This study is a pioneering scholarly biography of one of France's foremost political leaders. In a career which ran from the 1880s to the 1930s, one of the most formative periods of modern French history, Poincare held the principal offices of state. He played crucial roles in France's entry into the Great War, the organisation of the war effort, the peace settlement, the reparations question, the occupation of the Ruhr and the reorganisation of French finances in the 1920s. His life and work is surrounded by controversy and myth, from 'Poincare-la-guerre' to 'Poincare-le-franc', which this book dissects. Using a host of new archival material, Professor Keiger explores the historiography of the man and his times and reveals, somewhat surprisingly, how animal rights and feminism could be as important to him as party politics and public finance.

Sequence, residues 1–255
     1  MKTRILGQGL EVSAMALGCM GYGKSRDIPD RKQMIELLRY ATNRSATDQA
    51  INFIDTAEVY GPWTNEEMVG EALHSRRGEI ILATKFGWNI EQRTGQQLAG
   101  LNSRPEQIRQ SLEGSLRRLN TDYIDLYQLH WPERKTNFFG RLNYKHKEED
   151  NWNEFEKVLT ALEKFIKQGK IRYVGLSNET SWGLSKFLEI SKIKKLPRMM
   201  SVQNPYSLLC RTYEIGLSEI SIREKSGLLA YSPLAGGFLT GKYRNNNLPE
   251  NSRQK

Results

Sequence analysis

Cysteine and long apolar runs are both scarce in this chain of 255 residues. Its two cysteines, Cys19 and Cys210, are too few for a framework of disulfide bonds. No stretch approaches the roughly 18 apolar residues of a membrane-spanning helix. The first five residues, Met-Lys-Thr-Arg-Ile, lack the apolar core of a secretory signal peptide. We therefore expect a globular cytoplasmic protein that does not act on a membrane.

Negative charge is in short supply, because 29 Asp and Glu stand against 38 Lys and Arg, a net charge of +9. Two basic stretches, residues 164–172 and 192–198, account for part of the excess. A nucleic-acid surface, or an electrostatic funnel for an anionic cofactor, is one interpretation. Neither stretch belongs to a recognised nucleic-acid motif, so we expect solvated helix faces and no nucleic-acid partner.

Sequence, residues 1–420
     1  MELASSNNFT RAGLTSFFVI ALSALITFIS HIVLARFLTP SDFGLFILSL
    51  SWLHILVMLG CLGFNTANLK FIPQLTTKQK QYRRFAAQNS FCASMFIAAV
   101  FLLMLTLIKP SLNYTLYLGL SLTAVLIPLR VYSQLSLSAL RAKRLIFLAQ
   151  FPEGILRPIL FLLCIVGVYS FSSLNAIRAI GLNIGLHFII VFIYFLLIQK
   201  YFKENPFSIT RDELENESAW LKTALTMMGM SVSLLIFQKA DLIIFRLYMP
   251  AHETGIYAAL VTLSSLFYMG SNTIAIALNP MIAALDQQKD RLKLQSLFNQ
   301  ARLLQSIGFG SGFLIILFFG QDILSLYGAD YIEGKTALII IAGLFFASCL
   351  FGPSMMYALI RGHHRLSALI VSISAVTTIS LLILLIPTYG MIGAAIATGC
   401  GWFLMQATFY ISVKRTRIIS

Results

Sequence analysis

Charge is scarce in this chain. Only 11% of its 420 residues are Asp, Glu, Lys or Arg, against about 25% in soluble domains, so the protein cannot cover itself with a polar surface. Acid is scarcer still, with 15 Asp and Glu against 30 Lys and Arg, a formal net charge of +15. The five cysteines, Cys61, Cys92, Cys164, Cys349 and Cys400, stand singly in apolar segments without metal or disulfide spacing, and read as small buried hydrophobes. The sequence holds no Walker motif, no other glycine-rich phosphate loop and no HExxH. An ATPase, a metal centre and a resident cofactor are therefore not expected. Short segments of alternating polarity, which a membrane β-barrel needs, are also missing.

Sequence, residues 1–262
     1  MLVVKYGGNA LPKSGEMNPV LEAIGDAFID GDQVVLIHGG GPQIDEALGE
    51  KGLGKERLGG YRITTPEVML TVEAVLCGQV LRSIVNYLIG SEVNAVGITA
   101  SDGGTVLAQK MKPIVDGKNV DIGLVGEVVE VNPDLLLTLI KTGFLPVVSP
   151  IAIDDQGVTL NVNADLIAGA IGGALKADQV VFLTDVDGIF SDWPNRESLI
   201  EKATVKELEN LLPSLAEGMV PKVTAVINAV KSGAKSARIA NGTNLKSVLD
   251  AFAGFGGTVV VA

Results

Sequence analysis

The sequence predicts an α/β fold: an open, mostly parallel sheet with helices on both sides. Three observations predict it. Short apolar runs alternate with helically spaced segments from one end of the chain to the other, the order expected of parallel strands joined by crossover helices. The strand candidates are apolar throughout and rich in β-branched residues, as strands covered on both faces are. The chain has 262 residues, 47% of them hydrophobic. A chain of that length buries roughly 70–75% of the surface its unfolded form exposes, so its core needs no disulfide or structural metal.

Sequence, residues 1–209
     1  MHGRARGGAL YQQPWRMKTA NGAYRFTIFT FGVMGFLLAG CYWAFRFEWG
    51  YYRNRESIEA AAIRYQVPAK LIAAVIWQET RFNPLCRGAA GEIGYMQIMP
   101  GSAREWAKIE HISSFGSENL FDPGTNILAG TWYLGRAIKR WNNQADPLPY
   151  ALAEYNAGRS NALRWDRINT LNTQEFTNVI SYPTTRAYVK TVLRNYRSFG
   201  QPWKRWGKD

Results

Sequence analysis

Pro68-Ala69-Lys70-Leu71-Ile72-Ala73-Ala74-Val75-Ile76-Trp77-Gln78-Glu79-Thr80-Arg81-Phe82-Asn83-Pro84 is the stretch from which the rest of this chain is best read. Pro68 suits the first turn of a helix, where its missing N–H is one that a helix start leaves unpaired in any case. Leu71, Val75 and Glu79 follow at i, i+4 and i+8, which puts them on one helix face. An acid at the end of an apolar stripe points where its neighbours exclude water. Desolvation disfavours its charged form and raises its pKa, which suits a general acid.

'Professor Keiger ... has produced a life of Poincare that is not only a model of scholarship, but also remarkably fair and understanding.' John Grigg, The Times